For products that need to be sold in retail stores, the unit packaging is mostly designed to:
- Look good and make the product more appealing
- Protect the product’s integrity (no damages, no theft, etc…)
- Bear all the important markings such as barcodes, legal mentions, etc.
Packaging for E-commerce
More and more products need to be shipped directly to the consumer (e-commerce mode). Here are the main considerations for e-commerce packaging inspection:
- As I mentioned above, the unit packaging needs to make the product look good, it needs to protect the product’s integrity, and it has to bear certain information.
- It also needs to protect the product against shocks, compression (under other heavy packages), light rain, and other common occurrences that packages may have to face.
- If you want to ship the products by, say, FedEx, you should also check that the product in its unit packaging will fit a standard FedEx box and that the total price will not be excessively high.
Now, one way to look at this is that the product packaging is part of the product. More and more companies have made sure it stands out. (In some retail environments, the packaging can cost more than the product itself!)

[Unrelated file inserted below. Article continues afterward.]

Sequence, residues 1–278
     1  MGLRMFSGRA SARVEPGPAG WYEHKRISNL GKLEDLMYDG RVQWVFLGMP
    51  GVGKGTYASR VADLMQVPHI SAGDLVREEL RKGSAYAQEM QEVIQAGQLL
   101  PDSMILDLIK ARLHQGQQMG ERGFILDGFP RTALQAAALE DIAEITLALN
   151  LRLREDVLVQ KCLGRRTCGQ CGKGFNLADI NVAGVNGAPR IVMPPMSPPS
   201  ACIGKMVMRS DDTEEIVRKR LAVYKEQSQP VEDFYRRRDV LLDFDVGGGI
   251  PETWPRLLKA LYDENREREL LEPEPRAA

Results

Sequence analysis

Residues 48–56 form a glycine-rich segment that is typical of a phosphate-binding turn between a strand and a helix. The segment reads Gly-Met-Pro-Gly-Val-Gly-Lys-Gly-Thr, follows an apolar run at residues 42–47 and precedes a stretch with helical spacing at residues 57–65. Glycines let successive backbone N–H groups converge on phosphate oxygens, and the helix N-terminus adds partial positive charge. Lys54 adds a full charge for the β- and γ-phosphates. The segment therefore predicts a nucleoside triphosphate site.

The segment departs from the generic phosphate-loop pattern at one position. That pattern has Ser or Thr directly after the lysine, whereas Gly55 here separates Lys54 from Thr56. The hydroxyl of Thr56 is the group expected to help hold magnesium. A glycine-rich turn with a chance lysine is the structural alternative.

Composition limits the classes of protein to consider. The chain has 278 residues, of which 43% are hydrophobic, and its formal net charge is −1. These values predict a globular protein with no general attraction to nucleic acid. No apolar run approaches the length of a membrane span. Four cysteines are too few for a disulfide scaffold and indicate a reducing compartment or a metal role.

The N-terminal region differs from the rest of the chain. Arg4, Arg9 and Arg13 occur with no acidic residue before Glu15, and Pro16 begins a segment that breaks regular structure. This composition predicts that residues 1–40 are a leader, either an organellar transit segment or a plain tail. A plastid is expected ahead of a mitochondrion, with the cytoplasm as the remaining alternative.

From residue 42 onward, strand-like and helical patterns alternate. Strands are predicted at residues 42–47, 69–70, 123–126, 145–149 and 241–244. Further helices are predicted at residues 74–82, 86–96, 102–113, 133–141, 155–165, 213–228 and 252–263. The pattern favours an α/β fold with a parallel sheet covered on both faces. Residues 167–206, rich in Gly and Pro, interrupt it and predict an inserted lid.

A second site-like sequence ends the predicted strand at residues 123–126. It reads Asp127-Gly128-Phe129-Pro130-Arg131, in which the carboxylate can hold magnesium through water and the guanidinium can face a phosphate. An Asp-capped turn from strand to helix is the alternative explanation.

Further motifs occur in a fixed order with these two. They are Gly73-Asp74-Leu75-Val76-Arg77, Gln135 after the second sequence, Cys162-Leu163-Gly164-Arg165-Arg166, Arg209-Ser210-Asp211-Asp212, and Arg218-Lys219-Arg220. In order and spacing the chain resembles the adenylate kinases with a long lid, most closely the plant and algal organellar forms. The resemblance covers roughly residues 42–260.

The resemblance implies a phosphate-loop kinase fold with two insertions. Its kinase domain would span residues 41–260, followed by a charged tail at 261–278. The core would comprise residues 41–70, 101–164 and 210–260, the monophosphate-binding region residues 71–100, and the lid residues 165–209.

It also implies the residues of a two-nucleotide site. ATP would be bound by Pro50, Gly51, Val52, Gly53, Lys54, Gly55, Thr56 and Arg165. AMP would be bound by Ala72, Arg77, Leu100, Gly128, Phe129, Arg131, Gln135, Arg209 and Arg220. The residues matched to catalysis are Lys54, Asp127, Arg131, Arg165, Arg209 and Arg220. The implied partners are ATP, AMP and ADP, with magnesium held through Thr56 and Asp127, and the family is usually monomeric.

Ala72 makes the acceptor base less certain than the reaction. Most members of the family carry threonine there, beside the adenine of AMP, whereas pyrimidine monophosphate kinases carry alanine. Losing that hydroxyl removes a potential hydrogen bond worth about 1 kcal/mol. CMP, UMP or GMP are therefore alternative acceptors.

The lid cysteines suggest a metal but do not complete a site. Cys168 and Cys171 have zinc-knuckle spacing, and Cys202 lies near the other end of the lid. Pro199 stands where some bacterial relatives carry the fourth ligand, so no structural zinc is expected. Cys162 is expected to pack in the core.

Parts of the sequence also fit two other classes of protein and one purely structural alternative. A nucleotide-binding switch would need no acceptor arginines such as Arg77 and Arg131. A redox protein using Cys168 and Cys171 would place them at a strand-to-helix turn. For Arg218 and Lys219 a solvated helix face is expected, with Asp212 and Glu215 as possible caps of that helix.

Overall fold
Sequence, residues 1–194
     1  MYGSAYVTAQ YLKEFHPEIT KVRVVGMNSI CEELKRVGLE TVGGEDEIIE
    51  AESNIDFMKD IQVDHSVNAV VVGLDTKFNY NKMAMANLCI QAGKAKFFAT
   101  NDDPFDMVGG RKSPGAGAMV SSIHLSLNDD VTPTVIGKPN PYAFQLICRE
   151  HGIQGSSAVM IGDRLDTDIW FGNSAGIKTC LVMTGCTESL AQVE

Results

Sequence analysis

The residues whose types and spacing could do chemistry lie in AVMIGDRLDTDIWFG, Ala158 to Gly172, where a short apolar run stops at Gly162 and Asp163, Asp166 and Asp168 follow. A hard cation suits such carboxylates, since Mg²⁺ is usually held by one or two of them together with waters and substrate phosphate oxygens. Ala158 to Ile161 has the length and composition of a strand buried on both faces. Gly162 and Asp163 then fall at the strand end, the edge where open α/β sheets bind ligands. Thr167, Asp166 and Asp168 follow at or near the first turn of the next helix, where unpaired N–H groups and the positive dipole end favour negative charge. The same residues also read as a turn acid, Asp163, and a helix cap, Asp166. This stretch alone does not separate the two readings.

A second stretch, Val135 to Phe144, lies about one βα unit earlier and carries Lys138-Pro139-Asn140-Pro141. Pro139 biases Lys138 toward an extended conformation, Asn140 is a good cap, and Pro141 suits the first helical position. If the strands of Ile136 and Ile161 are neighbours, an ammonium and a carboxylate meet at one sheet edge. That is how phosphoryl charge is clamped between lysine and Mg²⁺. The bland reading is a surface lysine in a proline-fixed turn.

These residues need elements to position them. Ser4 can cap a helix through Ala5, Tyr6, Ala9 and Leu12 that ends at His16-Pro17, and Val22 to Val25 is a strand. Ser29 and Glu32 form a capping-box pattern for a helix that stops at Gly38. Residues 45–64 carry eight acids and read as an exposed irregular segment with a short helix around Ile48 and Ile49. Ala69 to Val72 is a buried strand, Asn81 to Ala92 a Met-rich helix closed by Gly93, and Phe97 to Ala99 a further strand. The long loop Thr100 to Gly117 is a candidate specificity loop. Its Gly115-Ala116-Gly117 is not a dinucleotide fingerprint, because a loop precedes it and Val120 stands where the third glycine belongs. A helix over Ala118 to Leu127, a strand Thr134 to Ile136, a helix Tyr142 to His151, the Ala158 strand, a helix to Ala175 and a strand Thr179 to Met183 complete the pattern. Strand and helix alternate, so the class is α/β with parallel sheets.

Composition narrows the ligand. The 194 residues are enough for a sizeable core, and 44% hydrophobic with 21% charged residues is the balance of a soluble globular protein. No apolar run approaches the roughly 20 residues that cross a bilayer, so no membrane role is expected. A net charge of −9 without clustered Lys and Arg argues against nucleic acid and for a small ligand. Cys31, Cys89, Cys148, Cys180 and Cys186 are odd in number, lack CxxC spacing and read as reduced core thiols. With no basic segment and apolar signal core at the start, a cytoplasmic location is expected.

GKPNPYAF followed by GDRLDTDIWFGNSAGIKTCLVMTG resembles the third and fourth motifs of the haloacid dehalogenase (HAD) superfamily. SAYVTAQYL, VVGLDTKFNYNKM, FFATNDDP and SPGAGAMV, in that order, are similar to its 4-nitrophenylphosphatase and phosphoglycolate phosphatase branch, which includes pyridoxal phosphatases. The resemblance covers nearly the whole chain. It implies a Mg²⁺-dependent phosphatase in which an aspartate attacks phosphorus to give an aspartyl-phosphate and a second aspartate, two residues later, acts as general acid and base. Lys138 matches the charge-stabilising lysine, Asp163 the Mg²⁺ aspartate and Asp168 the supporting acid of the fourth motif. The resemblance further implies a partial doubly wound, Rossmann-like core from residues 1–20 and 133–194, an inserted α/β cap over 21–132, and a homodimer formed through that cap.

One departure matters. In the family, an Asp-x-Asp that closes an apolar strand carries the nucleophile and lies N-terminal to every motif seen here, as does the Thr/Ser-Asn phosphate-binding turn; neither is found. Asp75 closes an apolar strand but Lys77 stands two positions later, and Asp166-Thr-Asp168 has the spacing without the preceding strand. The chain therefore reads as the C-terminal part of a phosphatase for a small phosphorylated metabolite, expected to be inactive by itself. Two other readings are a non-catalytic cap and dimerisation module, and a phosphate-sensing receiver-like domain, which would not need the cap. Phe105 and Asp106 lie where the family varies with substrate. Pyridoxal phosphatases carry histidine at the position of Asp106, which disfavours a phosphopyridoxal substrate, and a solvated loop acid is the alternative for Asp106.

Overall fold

The Sofeast team did a nice job a few months ago preparing a list of examples. That might be handy if you are looking for some inspiration to make your product more distinctive. See 9 Types of Packaging (Benefits, Costs, Sustainability, and more):
To sum up, it makes sense to focus a lot of attention on the product itself, but packaging should not be a complete afterthought. You need to specify it and confirm it will fulfil its functions by performing packaging inspection and testing.
To learn more about packaging inspection, testing, and design, explore these resources:
- How To Choose The Right Packaging To Protect Your Products? [Podcast]
- Why Packaging Is Important For Both Protection & Product Differentiation
- 4 Common Problems Importers Of Paper Products From China Suffer From
- My Supplier Didn’t Prepare My Export Packaging For Checking And More… | Disputes With Chinese Suppliers Q&A (Volume 7)